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Starting woes reach Lowe point

He continues a Dodgers pitching trend, giving up six runs in L.A.'s 7-1 loss to Houston.

May 10, 2008|Ben Bolch | Times Staff Writer

There was no one to greet Derek Lowe when he reached the dugout steps with one out in the sixth inning Friday night. The right-hander grabbed his warmup jacket and descended a second set of stairs that led toward the clubhouse, his night complete.

It was another unceremonious departure for a Dodgers starting pitcher, something that has happened with alarming frequency for Lowe and his teammates in recent weeks.

In their last 20 outings combined, the top four Dodgers starters have pitched seven innings on only three occasions. Lowe has not reached the seventh inning in his last five starts, and he was done after only 5 1/3 innings Friday as the Dodgers lost to the Houston Astros, 7-1, at Dodger Stadium.

The Astros tagged Lowe for two runs in the second inning, two runs in the third and two more in the fifth during his worst start of the season. He gave up eight hits and six runs overall and has now lost three of his last four decisions.

But he isn't the only Dodgers starter having trouble pitching deep into games. Dodgers starters have no complete games this season and the pitching staff has only one combined shutout -- on opening day.

"That's our biggest concern," Dodgers Manager Joe Torre said of his starters' early exits. "If we're going to be successful, our starters obviously have to get us to late in the game and keep the game close."

After getting rocked for four early runs, Lowe retired seven consecutive batters and appeared to be finding a groove until Miguel Tejada hit a two-out single in the fifth inning. Lance Berkman then launched his 12th homer, a two-run shot that landed in the right-field pavilion, to give Houston a 6-0 lead.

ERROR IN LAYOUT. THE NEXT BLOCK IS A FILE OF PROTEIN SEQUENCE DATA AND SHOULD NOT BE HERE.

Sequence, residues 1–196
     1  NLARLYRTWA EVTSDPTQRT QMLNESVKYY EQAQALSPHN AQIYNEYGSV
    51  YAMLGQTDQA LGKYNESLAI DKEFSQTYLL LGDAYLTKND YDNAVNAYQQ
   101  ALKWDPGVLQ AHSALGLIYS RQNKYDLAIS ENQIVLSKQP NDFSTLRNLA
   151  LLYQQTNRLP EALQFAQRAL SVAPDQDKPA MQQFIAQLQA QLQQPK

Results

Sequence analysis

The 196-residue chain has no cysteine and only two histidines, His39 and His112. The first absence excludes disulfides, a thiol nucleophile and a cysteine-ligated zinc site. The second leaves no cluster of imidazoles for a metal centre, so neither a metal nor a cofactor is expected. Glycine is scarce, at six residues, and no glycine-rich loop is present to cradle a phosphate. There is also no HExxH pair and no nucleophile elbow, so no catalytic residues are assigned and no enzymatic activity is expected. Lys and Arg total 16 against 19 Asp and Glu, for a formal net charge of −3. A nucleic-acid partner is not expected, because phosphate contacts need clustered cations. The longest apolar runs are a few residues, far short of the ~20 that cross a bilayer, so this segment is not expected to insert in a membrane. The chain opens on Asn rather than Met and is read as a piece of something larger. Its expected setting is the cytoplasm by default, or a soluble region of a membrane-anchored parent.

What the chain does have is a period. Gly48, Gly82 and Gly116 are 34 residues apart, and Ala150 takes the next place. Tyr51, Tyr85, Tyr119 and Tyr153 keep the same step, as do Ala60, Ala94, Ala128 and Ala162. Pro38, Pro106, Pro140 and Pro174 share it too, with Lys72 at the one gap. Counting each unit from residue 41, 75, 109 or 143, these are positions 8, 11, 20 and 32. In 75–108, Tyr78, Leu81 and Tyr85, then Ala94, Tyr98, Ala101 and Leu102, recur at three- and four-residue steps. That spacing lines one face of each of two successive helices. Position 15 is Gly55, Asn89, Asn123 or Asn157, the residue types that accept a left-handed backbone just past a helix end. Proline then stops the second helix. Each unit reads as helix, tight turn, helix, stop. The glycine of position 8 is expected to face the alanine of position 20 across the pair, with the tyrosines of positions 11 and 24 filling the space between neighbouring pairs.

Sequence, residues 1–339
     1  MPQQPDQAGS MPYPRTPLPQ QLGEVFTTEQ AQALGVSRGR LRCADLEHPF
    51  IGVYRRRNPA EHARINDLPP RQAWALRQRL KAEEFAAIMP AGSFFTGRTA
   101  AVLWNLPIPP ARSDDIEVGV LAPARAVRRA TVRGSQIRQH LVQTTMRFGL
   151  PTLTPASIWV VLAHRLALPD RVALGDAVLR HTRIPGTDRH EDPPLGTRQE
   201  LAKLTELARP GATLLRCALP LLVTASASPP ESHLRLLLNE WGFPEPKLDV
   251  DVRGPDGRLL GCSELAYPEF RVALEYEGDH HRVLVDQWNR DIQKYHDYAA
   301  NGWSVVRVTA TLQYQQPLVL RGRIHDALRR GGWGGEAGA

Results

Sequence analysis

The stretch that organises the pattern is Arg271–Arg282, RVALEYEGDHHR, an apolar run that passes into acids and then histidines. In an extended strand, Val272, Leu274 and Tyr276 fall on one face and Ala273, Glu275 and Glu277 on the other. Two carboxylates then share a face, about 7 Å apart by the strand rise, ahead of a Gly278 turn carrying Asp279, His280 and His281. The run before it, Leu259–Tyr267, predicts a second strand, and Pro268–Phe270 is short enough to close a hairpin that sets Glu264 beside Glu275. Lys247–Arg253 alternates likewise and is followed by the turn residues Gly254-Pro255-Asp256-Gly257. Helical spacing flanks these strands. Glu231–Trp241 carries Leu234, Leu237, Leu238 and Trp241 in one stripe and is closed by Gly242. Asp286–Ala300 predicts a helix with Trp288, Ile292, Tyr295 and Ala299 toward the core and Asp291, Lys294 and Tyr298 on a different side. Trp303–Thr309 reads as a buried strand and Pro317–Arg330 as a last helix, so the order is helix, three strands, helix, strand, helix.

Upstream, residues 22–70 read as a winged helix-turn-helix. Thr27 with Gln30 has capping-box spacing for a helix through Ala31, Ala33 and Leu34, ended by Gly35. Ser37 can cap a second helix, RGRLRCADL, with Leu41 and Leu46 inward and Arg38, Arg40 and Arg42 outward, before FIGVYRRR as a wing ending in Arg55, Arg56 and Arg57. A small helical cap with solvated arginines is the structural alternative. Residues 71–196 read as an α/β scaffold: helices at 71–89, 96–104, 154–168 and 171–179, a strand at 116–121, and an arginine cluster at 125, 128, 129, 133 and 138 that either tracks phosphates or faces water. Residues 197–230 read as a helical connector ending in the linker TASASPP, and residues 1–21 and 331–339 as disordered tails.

"It was one of those frustrating games, because you felt like you had good enough stuff not to give up six runs," Lowe said. "There's a long way to go, but it's important to go out next time and get a good one."

Carlos Lee also drove in two runs for the Astros, who improved to 12-5 since April 21, matching the Dodgers for the best record in baseball over that period.

The Dodgers' offense was missing shortstop Rafael Furcal, who sat out a third consecutive game because of tightness in his lower back. Even though Furcal was hitting .366 with five homers, Torre said he would not rush his team's hottest hitter back into the lineup and that his injury might require another day or two of rest.

"It was tough for me. I want to play," Furcal said. "But it's better you miss a couple of games than you miss a month. We'll see tomorrow what happens."

Juan Pierre did a fine job replacing Furcal atop the batting order, drawing a leadoff walk in the first inning and stealing second with nobody out before being stranded there when Houston starter Brian Moehler retired the next three batters. Pierre also moved Lowe into scoring position in the third inning with a sacrifice bunt, but Lowe could not advance as Russell Martin grounded out and Matt Kemp struck out to end the inning.

An inning later, Blake DeWitt's two-out single past diving shortstop Tejada put runners on first and second, but Chin-lung Hu grounded into a fielder's choice in which second baseman Kazuo Matsui's throw to Tejada barely beat DeWitt sliding into second base.

Kemp's hitting streak ended at a career-best 12 games, but Andruw Jones had two quality at-bats with a walk and a double in his last two plate appearances.

Jones received sarcastic applause when he scored in the ninth on Hu's groundout.

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ben.bolch@latimes.com

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